Second in a series of occasional articles
The three Olympic swimmers and their agents, and the hair stylist, and the makeup people, and the public relations man from the swimsuit company, are crammed into a corner room on the 22nd floor of a swanky hotel overlooking New York's Times Square.
Michael Phelps, who is aiming for seven gold medals at the Summer Games in Athens, has just had his hair done in the bathroom, and is checking himself out in the bedroom mirror.
He and the others are about to help Speedo launch a new line of racing suits before a national TV audience. All have Speedo endorsement deals. As they wait, one reviews Speedo's talking points. Phelps doesn't need to brush up. He knows the mantra by heart. "It's like, 'Repeat Speedo as many times as possible,' " he jokes.
An hour later, during his 55-second dialogue with "Today" show host Matt Lauer, when Phelps tells millions of viewers he is looking forward to the Olympics, he deftly adds, "This year is a very exciting year for me, and Speedo."
Twenty-five years after the Olympic movement allowed professional athletes to compete in the games, Phelps has become the epitome of the modern American corporate Olympian.
Many Olympic athletes get corporate stipends or support from companies that believe such associations help sell their products. For most, says Bob Condron, director of media services for the U.S. Olympic Committee, the funding pays the bills and allows them to train. Phelps, he said, is at another "extreme of the spectrum."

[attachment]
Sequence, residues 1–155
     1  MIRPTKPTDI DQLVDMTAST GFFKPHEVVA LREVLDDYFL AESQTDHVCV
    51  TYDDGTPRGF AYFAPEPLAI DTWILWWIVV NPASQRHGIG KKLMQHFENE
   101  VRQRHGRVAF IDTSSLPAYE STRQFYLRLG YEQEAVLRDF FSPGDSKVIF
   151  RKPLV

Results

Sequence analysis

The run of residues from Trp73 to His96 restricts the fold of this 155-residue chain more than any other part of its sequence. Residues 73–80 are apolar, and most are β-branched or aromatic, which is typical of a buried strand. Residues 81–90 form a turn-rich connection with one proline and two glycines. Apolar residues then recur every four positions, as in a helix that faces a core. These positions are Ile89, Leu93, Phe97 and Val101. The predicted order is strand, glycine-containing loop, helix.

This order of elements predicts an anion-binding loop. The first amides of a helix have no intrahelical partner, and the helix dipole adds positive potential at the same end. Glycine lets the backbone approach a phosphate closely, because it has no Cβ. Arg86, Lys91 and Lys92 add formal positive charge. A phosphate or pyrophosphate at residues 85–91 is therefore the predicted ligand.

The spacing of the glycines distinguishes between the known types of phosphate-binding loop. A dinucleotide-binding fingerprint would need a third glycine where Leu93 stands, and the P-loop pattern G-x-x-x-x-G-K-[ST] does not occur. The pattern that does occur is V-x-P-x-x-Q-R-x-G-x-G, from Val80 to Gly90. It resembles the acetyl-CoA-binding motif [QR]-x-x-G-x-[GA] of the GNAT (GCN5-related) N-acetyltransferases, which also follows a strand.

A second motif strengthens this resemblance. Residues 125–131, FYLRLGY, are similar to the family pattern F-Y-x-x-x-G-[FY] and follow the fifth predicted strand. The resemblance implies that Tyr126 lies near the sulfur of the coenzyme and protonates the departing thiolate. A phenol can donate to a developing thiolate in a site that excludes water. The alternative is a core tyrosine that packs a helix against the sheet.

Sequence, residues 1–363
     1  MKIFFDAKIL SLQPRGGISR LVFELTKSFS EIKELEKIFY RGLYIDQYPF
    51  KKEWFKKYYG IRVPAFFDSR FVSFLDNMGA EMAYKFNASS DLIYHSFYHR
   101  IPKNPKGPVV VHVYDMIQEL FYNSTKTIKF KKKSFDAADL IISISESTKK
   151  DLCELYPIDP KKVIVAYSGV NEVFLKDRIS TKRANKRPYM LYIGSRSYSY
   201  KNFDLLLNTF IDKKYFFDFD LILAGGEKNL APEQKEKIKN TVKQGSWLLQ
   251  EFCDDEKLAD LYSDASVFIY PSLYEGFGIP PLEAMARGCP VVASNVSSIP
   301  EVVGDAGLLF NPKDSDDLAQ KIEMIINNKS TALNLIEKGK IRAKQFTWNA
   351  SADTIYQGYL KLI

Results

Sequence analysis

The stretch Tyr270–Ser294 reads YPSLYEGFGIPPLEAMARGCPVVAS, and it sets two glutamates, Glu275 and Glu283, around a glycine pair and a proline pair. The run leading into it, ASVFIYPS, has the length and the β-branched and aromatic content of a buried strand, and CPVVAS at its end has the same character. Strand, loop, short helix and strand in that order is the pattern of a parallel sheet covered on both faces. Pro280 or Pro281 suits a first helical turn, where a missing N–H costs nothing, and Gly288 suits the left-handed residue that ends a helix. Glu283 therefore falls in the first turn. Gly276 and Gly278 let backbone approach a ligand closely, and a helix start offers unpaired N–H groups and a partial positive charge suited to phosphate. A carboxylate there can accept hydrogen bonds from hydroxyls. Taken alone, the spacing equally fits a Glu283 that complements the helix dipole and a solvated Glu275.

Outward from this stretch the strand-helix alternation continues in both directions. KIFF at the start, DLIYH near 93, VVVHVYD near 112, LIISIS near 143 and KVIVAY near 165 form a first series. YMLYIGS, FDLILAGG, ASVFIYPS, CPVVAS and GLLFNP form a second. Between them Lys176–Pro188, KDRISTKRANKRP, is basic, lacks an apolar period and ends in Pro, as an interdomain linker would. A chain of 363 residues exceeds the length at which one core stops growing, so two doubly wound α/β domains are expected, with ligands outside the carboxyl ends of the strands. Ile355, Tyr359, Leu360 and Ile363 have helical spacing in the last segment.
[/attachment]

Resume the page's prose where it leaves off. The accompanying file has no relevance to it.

Although he is only 18, is less than a year out of high school and still lives with his mother in a Baltimore County townhouse, he already is a millionaire.
He has been a professional swimmer since he was 16. He is the youngest male ever to turn pro in his sport. He has sponsors, agents, lawyers, accountants, deals, charities, obligations, his own Web site, and his own logo, a jazzy-looking MP over the name Michael Phelps.
He also has looks, poise and smarts. This summer, thanks to a cascade of corporate marketing deals, he could become the richest professional swimmer ever.
Phelps is aiming to match, or beat, the record of American swimming legend Mark Spitz, who won seven gold medals at the 1972 Olympics in Munich. Such a feat, never equaled, would be glorious enough. But Speedo, with whom Phelps already has a multimillion dollar, multiyear endorsement deal, has added the promise of another $1 million if he pulls it off.
It has been a brilliant marketing coup: generating extensive media coverage that, to the delight of his corporate sponsors, has catapulted Phelps into the public spotlight as no other swimmer since Spitz.
His athletic achievements haven't hurt. Four years ago, at the age of 15, Phelps became the youngest male in over 60 years to make the U.S. Olympic team. A year later he became the youngest male swimmer to set a world record.
Since then he has set a string of world records -- bagging five in one meet last summer. He currently holds three: in the 200-meter butterfly, the 200-meter individual medley and the 400-meter individual medley. In February, he narrowly missed a world record in the 200-meter backstroke.